The Real Cost of Excluding your Business Staff from Continuing Education
“My employer is a CE junky” remarked JC, a Dental Office Manager. “He comes back with new ideas but we know he will go back to normal in about a week.” JC can’t remember the last time her employer took her to a continuing education course. “It isn’t that important because I don’t need the CE units anyway,” said JC. What JC doesn’t understand is that the profession of dentistry is her career, and it is a personal responsibility to continue developing professionally for some of the following reasons:
• She may not keep pace with the current standards of others in the same field.
• She won’t have the relevant knowledge to stay up-to-date and aware of the changing trends and direction in her profession. Change is inevitable and the pace is faster than it has ever been. If you stand still you will get left behind and your skills and knowledge become outdated.
• She may not make a meaningful contribution to your team and become more effective in the workplace. She won’t be able to coach or mentor if she isn’t current on what is happening in dentistry.
• She won’t be able to network with other professionals who also strive to grow and gain more knowledge.
• She may lose sight of the personal responsibility to keep her knowledge and skills current so she can deliver the high quality of service that meets the expectations of patients in the practice and the requirements of the profession.
When dentists ask why their treatment acceptance numbers are down, why insurance claims remain unpaid even after appeals, and why the accounts receivables are high and patients who need appointments are not contacted, I have to relate it to the following:
• Presenting treatment requires training in communication skills. These skills are developed after learning how different types of people process information and decide what they want and what they need.
• Insurance claim follow-up is time consuming and requires knowledge of the appeals process, excellent writing skills and understanding of the CDT codes and their usage.
• Managing the Accounts Receivables correctly means the difference between cash flow to pay bills and scrambling to make ends meet. Talking to people about paying for services and then collecting that money is often an area that many front office people are uncomfortable with until they are trained to “ask” for the payment and get commitment from the patient.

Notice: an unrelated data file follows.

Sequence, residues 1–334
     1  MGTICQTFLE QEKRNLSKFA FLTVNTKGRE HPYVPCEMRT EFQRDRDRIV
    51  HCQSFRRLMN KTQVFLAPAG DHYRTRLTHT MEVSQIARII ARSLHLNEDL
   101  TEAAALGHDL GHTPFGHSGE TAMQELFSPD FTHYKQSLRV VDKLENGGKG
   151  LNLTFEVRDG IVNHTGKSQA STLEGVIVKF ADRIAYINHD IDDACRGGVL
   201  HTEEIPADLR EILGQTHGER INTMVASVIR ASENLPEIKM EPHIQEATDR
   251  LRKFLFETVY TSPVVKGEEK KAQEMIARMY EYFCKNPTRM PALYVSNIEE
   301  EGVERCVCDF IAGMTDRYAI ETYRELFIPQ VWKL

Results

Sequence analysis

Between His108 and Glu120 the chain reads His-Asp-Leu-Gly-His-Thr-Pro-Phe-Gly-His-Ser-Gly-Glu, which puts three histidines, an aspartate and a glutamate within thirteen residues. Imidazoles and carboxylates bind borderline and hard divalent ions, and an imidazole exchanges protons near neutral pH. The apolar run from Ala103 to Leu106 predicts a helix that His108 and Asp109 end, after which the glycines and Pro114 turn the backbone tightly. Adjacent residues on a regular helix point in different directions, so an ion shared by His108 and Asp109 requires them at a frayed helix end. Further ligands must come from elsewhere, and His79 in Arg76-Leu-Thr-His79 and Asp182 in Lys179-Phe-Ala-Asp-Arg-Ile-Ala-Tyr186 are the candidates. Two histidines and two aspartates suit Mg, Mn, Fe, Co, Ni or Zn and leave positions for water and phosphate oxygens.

• Making outbound calls to patients to schedule treatment and recalls that are overdue takes verbal skills and focus on a goal objective. Being able to build rapport and empathy with the patient to secure the appointment takes finesse. Simply calling people from a list to tell them they are due is not enough to secure appointments.
Saving money on the cost of having your front office team attend continuing education courses should not be the reason it is not offered. The cost is small compared to the reward of having an educated, engaged Business Coordinator who takes pride in being knowledgeable. The job described as “Dental Receptionist” is so much more in today’s dental practice. The added plus is that you have a member of your team who can help implement positive change in your practice after attending a meaningful seminar with you and/or the team. It is much simpler when everyone is on board after seeing the positive changes that can come to the office.
All of the above are critical to the success of any practice, and continuing education classes are available in all of these subjects through McKenzie Management’s website where you will find information on webinars, our archive of articles covering every topic of practice management, plus other dental management products for your education.
Let’s not forget the 2-day Office Manager Training or the 2-day Front Office Training customized to your concerns and practice issues. Call today and invest in the success of your business team and your practice.Forward this article to a friend
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